TV Time

Back when I was a kid, I would visit my grandparents on the weekends. They lived in the coutry and had a big antenna on top of their house. Inside, on top of the TV, was a small box with a dial on it. You used that dial to turn the antenna for better reception (at least that’s how I remember it).

Anyway, with this setup they got two channels – 10 and 12. It was simple to find something to watch. See what’s on one channel, then see what’s on the other channel. Watch the one that looks most interesting.

Fast forward about 20 years – now my grandparents live in town and have cable. Even with cable they only have about 30-40 channels to pick from so they still just click through the channels until they find something to watch. Maybe not the ideal situation, but it gets the job done.

Yesterday I found myself trying to explain Dish Network to my grandmother. She picked up the remote and asked me “How do you change the channel?”

“No problem,” I said. “First you press guide then use the up and down arrows to scroll through the list of channels. The list shows the name of the show beside each channel and there’s a description of the show in the top, right corner. Once you find the one you want, press Select to watch it.”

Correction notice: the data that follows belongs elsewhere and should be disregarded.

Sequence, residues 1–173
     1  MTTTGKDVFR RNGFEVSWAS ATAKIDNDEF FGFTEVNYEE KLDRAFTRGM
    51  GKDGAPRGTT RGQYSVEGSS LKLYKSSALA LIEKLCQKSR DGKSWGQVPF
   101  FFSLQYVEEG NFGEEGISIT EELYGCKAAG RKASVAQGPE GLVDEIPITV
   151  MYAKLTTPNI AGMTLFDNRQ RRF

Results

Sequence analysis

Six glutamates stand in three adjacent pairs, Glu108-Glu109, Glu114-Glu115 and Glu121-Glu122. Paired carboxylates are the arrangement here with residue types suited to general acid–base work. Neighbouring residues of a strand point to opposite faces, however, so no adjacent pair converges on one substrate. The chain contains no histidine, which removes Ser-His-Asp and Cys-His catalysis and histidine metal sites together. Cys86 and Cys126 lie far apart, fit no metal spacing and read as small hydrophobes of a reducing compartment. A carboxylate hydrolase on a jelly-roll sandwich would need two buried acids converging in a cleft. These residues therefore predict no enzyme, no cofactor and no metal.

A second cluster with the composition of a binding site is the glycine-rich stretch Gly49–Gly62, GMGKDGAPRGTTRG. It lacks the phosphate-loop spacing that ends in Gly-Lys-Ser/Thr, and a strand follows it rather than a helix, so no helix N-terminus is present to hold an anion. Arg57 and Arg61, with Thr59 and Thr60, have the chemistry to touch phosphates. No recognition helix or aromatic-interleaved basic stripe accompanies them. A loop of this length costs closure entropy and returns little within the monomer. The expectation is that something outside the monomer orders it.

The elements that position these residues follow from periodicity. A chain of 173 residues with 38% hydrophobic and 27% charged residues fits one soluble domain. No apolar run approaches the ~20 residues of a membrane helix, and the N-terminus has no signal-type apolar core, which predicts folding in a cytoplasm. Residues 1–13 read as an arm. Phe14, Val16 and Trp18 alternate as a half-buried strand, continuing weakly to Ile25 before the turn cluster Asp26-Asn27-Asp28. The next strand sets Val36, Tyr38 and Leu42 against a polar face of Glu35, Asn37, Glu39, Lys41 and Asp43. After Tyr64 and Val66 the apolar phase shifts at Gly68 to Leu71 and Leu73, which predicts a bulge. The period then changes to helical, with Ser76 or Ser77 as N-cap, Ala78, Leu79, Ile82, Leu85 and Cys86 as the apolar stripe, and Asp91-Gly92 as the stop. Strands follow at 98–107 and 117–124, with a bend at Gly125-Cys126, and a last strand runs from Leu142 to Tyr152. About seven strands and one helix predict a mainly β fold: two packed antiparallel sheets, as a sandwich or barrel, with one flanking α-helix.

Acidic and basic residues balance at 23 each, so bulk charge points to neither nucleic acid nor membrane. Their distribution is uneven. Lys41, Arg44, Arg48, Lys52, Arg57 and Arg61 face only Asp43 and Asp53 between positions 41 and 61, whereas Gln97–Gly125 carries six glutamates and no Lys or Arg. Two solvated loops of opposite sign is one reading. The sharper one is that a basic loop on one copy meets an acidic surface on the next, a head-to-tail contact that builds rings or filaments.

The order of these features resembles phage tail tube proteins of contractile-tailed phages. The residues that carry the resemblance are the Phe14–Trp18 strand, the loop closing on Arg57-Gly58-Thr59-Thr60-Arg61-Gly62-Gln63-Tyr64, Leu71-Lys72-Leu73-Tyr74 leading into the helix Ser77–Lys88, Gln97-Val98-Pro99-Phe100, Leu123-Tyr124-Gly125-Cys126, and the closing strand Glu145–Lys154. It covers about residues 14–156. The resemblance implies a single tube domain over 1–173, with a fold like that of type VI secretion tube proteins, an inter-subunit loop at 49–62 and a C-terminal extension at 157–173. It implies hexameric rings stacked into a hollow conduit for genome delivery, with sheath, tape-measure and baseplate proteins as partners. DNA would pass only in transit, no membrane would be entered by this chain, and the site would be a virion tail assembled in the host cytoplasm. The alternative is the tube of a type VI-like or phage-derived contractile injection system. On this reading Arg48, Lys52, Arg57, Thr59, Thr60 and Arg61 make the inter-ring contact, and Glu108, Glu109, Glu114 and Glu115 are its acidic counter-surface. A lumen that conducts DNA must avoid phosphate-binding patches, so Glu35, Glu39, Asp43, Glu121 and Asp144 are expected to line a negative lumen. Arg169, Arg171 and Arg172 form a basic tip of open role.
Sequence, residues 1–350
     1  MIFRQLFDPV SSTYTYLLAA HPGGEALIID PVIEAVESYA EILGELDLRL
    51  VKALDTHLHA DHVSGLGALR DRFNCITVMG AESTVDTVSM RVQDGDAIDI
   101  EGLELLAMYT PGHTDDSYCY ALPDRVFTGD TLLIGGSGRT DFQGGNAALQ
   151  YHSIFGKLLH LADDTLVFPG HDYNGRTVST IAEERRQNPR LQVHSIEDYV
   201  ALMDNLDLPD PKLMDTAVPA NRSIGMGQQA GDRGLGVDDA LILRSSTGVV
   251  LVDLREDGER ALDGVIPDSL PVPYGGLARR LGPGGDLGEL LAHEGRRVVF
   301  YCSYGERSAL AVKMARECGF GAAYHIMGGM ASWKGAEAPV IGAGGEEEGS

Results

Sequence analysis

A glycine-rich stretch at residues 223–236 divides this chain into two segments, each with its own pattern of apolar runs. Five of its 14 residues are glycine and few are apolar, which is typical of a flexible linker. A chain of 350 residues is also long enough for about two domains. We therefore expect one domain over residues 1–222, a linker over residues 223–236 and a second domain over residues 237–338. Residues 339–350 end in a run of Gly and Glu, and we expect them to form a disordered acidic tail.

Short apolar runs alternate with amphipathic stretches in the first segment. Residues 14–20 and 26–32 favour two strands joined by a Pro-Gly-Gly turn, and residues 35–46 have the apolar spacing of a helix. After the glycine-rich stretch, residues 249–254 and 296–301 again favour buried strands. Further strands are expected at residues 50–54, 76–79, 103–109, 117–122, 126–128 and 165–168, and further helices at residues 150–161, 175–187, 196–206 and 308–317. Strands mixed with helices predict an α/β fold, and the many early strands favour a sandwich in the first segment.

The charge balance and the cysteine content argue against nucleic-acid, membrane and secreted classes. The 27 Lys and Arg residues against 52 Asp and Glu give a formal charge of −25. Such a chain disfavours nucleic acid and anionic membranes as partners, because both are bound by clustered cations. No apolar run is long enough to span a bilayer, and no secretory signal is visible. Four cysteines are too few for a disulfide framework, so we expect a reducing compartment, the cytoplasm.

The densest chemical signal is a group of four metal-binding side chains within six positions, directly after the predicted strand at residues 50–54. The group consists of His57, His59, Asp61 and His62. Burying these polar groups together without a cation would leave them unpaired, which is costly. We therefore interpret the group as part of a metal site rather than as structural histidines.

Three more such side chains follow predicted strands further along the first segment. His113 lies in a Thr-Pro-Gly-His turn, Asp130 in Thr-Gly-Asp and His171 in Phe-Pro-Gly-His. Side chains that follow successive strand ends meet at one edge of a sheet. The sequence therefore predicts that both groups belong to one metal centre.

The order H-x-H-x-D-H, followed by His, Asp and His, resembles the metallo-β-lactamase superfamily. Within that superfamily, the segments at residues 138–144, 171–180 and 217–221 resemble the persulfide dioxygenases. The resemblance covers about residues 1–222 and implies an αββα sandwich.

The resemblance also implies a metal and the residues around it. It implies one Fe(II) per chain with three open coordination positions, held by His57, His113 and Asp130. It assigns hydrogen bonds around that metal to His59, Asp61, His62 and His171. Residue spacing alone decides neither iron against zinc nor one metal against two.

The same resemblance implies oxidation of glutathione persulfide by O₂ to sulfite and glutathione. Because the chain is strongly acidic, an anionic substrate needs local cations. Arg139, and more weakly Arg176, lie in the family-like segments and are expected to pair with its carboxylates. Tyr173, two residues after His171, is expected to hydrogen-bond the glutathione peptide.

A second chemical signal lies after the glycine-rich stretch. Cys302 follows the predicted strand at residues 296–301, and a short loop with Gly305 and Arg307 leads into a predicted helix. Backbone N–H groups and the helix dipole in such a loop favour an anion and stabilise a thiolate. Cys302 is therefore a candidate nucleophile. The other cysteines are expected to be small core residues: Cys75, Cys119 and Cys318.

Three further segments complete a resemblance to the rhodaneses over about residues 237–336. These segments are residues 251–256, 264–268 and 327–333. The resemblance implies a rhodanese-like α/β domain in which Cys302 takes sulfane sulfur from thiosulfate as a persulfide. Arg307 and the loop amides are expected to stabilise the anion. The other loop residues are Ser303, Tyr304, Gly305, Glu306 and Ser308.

In hindsight, I probably should’ve said “This is the only thing on right now.” It’s not that my grandmother is dumb or can’t learn new things, it’s just that her idea of “changing the channel” is very different from mine.

It is still possible to click through the channels one at a time, but there are probably hundreds on pay-per-view and sports channels that would slow you down. Not to mention, with the guide you don’t need to visit each channel to see what’s on.

This difference in thinking (I’m not going to say “paradigm shift”) applies to many other areas. It’s not always a generational difference either. Sometimes it’s simply a geek trying to explaing things to a non-geek.

I try to take note of these situations and think of interesting ways to overcome them. I’m not exactly sure why I do this. Maybe it’s the programmer in me that always wants to find solutions to the world’s problems.

For example, on our DirecTV system at home I’ve set up a favorites list called “Watchable”. These are all of the channels that we can actually watch. I could probably eliminate at least half of those channels and come up with a list of channels that we most frequently watch. With that in place, it would be possible to flip through all of the channels and see what’s on. Just like in the good old days.

I can’t wait for the day when one of my kids or (gasp!) grandkids has to explain the latest technology to me. Hopefully they’ll read this post and go easy on me…